Tuesday, August 2, 2011

Dancing Down In Front

The two most difficult phases of a physical transformation are the start and the finish.  We can define these phases a number of ways: the first five pounds, the last half inch off of the thighs, the first dress size, or the final effortless slide and zip of the skinny jeans.  You must find the first hard push at the start that overcomes inertia, and later, maybe much later, you have to dig down deep for the last stroke or kick that  propels you to the edge of the pool, or over the finish line, or through the door of your dream job on some future Monday morning.  It's called motivation from beginning to end because movement is always implied in the kind of physical transformation I'm talking about.

The initial push of motivation often comes from a singular event: a shocking number on the scale, the next size (or two) up, a careless comment from a stranger, or a deliberate warning from a doctor.  You literally get shoved by an experience, and change begins.  So now you've been pushed, but what will pull you in to the harbor of your hopes?  You must find the thing that you are willing to change, and keep changing for.

Five Days Of Dance

From Wednesday to Sunday I attended the Tremaine Dance Intensive at Debbie Reynold's dance studio in North Hollywood.  The caliber of the choreographers was astonishing, and the dancers attending were committed, talented, and excepting a handful of us teacher/choreographers, quite young.  I would guess the average age at around 16 or 17.  If you watch So You Think You Can Dance, take out the lifts and that's the level of skill that was asked of us in the toughest classes.  At the start of every class I would say to myself, "Catherine, you're a 47 year old musical theatre dancer.  Keep your mouth shut, your eyes open, and dance in the back."  I had every intention of doing just that, but you see, I've been training, studying, eating right, and getting enough sleep for the past three years, and something amazing happened.  I kept finding myself down in front.  Did I get every step, leap, fall, and extension?  No, but you can go a long way on style and experience, especially when they are joined by genuine fitness.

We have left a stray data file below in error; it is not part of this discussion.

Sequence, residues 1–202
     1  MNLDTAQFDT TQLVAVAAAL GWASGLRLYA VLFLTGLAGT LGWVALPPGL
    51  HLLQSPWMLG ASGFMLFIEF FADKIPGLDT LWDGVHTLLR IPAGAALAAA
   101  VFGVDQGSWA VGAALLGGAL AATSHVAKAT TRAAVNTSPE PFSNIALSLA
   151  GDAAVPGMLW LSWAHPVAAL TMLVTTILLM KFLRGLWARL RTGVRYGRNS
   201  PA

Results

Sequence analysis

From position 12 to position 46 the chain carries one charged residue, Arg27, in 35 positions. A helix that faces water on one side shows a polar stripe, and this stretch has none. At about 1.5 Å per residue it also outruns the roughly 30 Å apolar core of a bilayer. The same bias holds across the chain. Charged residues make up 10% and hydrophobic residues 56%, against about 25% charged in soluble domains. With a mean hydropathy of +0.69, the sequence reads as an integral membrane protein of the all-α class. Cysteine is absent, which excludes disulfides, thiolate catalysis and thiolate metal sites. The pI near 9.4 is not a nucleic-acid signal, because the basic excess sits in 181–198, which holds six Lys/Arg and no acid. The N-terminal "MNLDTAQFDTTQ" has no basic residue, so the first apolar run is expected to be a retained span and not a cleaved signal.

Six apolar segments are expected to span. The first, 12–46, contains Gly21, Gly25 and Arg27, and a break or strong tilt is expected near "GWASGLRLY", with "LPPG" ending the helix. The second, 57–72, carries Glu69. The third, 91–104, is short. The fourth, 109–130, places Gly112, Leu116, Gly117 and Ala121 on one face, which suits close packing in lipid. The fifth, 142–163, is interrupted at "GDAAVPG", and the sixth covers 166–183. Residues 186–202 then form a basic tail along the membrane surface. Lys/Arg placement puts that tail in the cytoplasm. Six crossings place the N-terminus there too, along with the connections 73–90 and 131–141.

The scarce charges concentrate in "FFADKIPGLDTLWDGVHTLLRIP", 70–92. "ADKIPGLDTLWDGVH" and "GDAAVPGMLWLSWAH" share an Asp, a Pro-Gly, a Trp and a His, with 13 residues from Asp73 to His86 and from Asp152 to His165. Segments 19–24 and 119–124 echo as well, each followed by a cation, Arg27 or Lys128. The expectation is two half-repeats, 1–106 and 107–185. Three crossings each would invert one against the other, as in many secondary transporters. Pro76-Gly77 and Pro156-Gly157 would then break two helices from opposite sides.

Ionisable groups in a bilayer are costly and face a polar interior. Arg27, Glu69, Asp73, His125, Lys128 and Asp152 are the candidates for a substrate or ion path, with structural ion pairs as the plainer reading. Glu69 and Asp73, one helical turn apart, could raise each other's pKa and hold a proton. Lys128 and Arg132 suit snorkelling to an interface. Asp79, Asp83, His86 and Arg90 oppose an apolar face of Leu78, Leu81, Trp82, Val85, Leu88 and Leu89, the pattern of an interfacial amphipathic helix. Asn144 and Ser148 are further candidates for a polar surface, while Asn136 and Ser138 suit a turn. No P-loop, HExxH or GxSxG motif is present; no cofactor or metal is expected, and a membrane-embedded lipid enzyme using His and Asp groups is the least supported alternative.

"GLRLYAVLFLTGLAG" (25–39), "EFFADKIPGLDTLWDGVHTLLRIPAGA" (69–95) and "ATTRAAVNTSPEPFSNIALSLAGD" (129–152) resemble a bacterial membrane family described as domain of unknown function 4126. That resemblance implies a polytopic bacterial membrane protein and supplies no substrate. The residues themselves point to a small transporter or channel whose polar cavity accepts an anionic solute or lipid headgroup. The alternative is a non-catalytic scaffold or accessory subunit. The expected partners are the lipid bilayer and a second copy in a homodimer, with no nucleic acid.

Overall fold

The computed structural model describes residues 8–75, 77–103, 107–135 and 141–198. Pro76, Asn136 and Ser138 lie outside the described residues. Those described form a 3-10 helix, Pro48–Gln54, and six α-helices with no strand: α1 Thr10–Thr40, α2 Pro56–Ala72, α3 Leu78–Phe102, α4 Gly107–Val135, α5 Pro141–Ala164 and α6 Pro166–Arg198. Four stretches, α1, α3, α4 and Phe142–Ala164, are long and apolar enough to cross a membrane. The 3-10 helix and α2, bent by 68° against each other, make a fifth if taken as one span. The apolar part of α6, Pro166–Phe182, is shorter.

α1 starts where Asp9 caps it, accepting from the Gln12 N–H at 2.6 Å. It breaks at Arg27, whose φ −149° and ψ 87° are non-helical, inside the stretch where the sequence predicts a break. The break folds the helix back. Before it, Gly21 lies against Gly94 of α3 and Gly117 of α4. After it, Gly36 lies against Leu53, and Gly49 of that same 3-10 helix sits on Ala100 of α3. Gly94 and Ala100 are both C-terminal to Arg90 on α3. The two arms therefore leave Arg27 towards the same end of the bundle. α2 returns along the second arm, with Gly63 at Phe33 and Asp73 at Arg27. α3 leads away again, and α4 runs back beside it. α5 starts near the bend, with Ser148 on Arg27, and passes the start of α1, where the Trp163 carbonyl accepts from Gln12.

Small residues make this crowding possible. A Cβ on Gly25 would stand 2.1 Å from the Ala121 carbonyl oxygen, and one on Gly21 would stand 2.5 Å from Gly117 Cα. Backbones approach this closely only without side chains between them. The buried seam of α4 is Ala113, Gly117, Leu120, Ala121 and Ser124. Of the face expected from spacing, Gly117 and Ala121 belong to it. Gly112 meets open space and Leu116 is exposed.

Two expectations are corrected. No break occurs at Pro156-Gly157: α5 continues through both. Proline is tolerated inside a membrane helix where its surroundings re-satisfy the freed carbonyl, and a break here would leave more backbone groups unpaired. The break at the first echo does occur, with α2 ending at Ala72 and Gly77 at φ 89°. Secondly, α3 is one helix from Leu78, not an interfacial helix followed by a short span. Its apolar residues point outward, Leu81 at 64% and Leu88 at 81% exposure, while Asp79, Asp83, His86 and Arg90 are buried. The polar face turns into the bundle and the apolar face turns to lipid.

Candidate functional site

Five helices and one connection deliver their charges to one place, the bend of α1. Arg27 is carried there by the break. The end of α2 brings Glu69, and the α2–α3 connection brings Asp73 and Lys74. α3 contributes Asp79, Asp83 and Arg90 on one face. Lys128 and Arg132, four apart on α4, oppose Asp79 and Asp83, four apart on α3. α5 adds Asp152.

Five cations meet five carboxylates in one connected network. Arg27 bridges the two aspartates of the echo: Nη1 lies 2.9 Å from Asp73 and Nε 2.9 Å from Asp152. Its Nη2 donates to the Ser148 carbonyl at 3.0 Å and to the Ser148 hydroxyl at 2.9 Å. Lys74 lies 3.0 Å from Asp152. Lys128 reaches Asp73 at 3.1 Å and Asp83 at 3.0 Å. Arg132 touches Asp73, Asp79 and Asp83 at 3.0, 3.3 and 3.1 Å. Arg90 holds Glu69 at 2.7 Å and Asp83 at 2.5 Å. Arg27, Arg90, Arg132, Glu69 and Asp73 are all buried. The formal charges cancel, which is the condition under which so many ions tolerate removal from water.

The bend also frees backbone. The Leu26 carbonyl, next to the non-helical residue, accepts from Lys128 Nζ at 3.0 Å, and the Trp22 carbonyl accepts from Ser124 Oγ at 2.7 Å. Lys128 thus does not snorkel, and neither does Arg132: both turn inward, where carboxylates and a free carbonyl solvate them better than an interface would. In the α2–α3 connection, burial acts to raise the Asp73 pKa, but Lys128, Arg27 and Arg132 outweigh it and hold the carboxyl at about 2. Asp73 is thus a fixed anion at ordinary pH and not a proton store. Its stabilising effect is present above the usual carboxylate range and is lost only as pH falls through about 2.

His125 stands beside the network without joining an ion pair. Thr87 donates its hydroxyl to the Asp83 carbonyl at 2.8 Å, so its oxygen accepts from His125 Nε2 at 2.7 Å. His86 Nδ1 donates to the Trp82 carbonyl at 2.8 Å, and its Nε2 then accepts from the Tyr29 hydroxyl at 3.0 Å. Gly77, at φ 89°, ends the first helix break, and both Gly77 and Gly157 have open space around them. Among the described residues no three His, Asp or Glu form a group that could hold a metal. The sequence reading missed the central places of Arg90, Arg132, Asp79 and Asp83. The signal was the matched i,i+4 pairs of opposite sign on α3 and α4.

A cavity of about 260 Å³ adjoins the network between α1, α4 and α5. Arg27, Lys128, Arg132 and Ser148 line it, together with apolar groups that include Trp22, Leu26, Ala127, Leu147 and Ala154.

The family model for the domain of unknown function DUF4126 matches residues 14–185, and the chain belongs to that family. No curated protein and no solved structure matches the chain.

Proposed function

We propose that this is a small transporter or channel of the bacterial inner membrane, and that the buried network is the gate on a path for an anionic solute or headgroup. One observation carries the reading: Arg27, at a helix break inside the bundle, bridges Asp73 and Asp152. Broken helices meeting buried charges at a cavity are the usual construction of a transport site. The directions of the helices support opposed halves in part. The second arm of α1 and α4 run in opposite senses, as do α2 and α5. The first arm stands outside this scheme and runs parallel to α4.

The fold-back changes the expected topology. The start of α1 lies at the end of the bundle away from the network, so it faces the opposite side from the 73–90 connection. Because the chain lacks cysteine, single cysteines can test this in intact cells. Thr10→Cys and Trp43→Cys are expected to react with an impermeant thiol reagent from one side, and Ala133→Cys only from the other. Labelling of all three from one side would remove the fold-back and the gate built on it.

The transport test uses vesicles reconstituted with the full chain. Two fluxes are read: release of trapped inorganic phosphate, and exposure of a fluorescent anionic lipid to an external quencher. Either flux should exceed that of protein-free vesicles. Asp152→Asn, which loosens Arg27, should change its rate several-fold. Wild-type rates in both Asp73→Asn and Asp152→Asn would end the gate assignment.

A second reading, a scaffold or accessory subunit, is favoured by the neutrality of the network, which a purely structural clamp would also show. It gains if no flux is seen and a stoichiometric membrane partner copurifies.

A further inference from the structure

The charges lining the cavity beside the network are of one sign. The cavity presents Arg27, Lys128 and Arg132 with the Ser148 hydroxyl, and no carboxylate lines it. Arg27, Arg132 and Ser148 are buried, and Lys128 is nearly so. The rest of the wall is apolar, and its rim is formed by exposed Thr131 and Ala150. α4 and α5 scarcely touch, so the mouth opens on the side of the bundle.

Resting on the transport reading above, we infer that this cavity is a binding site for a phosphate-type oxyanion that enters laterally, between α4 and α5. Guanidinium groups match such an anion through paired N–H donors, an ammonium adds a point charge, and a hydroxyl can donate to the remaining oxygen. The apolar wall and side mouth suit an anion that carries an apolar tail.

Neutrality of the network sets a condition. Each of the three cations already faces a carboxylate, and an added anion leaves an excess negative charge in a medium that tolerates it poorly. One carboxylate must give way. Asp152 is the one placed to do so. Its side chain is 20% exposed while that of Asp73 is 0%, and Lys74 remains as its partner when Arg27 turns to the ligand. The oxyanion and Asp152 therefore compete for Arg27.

In The End, It Has Very Little To Do With The Way You Look.

When I started my transformation journey I really thought I was primarily after a change in appearance.  I wanted to look pretty, to be accepted, approved of and admired for being the right size and having a good figure.  That's what I thought.  On Saturday, our Funk choreographer Tony Belissimo asked a group of us why we weren't auditioning for the company, I quietly said, "I'm 47."  He looked me in the eye, in shock and said, "You're beautiful.  I thought you were 20."  I felt like I'd been hit over the head by a ton of joy.  Now, let's be honest, I don't look 20, but because of the way I move, I can make people think I'm very young.  These weeks, months, and years of continuing improvement have been fueled by by a bone deep desire to dance and never stop.

So now, it doesn't really matter what the scale says, or what size I wear.  If I choose to, I can dance down front without getting lost, or in the way, or seeming out of place.  For so long I was trying to belong based upon how I looked.  What I learned last week is that you take your place among a group of people based upon what you do.  

To guarantee that you will keep moving toward your goal and never stop you simply must have a reason behind the reason that you want to transform.  The way you look will simply never be enough, partly because, let's face it, the Western ideal of physical beauty has been moved beyond the reach of mere mortals by surgery and photoshop.  We all have to figure out what we want to be fit for.  What do you want to do with your wonderful healthy body?  Do you want to run, jump, dance, play, lift really heavy stuff, feel free and whole and graceful, travel the world and be able to walk everywhere, scale mountains, or dive down into mysterious waters?  There's nothing wrong with hanging out in the back of your Zumba class, but maybe with practice and persistence, you will find yourself dancing down in front too.

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